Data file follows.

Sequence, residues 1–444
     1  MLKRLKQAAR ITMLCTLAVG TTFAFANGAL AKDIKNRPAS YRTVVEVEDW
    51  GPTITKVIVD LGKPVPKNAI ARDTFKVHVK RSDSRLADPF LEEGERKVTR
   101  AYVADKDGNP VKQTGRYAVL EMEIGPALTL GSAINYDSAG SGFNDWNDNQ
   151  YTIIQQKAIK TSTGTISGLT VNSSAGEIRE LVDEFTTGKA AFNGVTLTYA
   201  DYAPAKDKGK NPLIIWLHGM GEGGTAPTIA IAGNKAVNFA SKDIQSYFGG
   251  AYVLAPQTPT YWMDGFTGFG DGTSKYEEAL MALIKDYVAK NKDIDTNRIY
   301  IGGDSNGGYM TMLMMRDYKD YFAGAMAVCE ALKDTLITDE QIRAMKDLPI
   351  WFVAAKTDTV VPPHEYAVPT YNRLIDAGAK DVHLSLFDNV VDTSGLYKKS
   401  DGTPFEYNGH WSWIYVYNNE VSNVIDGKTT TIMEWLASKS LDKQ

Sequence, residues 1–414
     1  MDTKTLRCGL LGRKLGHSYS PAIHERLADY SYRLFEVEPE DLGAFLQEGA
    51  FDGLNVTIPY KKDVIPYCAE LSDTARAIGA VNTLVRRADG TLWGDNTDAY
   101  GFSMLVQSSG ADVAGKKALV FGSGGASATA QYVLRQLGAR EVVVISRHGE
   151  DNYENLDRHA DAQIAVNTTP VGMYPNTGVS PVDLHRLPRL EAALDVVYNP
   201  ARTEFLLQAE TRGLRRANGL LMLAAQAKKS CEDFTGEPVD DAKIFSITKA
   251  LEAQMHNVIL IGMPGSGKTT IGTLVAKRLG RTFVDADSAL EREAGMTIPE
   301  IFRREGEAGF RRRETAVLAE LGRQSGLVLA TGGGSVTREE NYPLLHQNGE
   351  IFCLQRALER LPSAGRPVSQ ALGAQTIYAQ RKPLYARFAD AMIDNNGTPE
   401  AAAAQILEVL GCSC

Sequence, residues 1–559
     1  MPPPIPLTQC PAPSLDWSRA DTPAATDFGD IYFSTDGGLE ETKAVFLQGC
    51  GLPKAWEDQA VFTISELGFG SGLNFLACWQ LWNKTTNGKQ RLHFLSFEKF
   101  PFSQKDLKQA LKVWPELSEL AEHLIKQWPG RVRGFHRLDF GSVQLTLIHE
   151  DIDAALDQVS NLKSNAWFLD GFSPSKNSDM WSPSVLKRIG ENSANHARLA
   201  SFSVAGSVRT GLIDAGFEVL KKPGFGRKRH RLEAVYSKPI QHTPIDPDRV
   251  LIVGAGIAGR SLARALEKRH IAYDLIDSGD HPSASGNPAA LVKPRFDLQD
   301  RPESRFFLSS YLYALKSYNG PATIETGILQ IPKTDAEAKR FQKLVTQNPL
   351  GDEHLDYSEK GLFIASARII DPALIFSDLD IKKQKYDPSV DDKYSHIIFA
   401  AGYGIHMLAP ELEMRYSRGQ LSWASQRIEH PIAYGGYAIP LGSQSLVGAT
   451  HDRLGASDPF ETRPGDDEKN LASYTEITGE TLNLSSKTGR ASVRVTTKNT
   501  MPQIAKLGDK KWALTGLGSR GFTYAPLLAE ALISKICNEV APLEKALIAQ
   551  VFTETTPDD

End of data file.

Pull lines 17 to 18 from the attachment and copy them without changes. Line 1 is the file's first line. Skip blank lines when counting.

   251  LEAQMHNVIL IGMPGSGKTT IGTLVAKRLG RTFVDADSAL EREAGMTIPE
   301  IFRREGEAGF RRRETAVLAE LGRQSGLVLA TGGGSVTREE NYPLLHQNGE